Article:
California surpassed 2 million confirmed coronavirus cases on Thursday, the first state to cross that grim threshold, according to data from Johns Hopkins University.
The university’s tally showed California’s total cases at 2,010,157, with over 23,000 people dead from the virus. Over 18,000 Californians are hospitalized with the virus, and ICUs in the southern part of the state have been filled to capacity since last week.
Only Texas and New York have surpassed the nation’s most-populous state in coronavirus fatalities. California has activated its “mass fatality” program and ordered 5,000 body bags.
“We’re near the end, but we’re in the middle of the most acute peak as it relates to what we refer to as the third wave,” California Gov. Gavin Newsom (D) said last week.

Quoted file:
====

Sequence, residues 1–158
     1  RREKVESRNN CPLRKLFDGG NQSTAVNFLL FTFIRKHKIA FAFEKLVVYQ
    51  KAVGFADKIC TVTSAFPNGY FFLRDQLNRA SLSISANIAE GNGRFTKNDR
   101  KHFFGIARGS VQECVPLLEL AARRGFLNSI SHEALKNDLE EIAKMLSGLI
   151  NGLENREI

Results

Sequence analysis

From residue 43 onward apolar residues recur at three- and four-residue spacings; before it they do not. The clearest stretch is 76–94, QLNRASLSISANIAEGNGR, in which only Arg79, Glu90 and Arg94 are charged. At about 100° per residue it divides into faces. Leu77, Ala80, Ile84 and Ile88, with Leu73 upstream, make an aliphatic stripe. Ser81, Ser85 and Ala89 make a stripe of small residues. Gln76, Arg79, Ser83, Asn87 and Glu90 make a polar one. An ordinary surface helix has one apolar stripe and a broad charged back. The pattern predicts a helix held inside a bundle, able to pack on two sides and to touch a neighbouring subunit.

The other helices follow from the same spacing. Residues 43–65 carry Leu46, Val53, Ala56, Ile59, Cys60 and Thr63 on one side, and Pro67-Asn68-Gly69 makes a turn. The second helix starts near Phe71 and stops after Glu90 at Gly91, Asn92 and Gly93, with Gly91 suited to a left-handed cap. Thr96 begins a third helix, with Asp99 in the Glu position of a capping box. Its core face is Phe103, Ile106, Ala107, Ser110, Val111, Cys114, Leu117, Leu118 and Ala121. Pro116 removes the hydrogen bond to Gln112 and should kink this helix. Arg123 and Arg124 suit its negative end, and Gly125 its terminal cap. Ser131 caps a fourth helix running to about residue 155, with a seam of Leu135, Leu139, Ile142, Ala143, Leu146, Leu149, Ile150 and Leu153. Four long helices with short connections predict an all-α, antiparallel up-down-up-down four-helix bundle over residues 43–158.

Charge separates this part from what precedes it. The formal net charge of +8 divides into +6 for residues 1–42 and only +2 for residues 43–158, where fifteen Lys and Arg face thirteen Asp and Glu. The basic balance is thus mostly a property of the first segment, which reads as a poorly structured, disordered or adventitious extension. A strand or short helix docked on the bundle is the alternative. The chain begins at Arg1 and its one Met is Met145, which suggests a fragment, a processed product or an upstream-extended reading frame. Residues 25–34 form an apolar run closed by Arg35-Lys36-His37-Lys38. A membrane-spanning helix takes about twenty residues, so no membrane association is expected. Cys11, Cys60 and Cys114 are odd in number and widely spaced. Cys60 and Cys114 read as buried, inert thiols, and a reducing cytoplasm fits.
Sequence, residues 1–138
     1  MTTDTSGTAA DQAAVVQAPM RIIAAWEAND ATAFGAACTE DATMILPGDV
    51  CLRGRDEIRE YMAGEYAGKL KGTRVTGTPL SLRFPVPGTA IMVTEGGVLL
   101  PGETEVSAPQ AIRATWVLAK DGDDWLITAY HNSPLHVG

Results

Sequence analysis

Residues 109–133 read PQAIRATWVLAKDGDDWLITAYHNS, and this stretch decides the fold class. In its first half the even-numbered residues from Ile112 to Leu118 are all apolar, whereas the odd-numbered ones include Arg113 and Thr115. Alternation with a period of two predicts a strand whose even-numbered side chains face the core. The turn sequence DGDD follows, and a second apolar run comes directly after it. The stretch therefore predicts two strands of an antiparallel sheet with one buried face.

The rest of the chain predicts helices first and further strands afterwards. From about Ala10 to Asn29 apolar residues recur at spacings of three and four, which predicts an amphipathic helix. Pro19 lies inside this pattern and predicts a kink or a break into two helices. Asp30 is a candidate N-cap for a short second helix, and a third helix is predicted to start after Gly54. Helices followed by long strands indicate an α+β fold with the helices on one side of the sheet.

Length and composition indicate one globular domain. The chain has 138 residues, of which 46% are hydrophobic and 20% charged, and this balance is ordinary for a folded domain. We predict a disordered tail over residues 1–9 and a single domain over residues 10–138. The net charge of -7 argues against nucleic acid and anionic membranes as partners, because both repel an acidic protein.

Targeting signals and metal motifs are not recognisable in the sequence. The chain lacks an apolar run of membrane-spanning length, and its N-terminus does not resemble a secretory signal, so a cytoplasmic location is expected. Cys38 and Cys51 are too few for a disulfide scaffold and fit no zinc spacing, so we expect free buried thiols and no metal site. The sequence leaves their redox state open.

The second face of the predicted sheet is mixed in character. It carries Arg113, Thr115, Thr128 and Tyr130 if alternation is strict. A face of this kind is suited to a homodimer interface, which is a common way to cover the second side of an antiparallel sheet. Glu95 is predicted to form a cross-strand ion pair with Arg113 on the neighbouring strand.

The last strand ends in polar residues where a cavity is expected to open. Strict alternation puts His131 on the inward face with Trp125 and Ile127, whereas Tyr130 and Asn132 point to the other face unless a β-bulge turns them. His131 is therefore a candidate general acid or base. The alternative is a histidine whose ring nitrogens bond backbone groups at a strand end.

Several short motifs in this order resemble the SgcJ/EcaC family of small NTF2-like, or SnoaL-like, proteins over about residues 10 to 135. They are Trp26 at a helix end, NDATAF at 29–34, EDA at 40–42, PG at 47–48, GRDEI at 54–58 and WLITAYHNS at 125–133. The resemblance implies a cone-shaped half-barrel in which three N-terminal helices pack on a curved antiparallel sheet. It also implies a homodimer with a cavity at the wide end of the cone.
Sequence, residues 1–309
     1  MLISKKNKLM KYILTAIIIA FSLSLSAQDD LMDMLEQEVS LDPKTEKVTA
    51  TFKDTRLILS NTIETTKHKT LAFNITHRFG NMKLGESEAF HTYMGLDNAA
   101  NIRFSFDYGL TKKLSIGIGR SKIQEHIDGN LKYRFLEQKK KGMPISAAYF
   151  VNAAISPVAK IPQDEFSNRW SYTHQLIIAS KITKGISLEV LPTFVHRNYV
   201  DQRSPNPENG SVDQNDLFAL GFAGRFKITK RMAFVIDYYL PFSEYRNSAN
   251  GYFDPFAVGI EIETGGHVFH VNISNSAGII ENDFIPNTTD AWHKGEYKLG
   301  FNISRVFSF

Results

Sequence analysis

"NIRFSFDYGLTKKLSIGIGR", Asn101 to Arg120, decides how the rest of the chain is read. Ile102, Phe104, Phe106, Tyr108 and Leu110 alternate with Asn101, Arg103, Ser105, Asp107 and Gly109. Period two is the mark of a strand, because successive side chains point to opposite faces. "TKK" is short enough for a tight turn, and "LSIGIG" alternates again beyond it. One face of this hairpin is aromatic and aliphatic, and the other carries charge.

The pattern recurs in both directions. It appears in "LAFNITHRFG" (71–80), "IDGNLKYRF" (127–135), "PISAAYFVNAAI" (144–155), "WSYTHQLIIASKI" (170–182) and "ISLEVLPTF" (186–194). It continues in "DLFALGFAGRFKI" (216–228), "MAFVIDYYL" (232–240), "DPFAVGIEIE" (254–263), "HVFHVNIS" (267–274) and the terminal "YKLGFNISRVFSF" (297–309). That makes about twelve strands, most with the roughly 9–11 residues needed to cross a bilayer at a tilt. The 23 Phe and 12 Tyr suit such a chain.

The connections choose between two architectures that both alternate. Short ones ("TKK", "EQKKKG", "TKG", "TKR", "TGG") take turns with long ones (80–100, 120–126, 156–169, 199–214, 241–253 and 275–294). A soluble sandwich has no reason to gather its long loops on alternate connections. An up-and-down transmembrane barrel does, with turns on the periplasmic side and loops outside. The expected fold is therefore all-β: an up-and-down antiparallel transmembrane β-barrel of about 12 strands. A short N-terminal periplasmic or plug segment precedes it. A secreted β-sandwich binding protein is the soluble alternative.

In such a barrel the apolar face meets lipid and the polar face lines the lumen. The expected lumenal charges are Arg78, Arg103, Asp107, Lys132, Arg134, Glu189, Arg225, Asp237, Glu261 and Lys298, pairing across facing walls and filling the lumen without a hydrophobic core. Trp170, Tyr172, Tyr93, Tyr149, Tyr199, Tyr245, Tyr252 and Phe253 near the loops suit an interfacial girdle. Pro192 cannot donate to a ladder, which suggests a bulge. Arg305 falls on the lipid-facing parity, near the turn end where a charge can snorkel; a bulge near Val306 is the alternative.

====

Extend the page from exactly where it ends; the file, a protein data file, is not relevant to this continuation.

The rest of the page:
On Wednesday, Newsom tweeted that statewide ICU capacity is down to approximately 1 percent, and that hospitalizations have spiked 61 percent. However, he noted that 7-day positivity averages were down slightly to 12.6 percent.
Newsom himself announced this week that he would enter quarantine for the second time after a staffer in his office tested positive for the virus. The governor, who tested negative, previously isolated after a classmate of one of his children tested positive.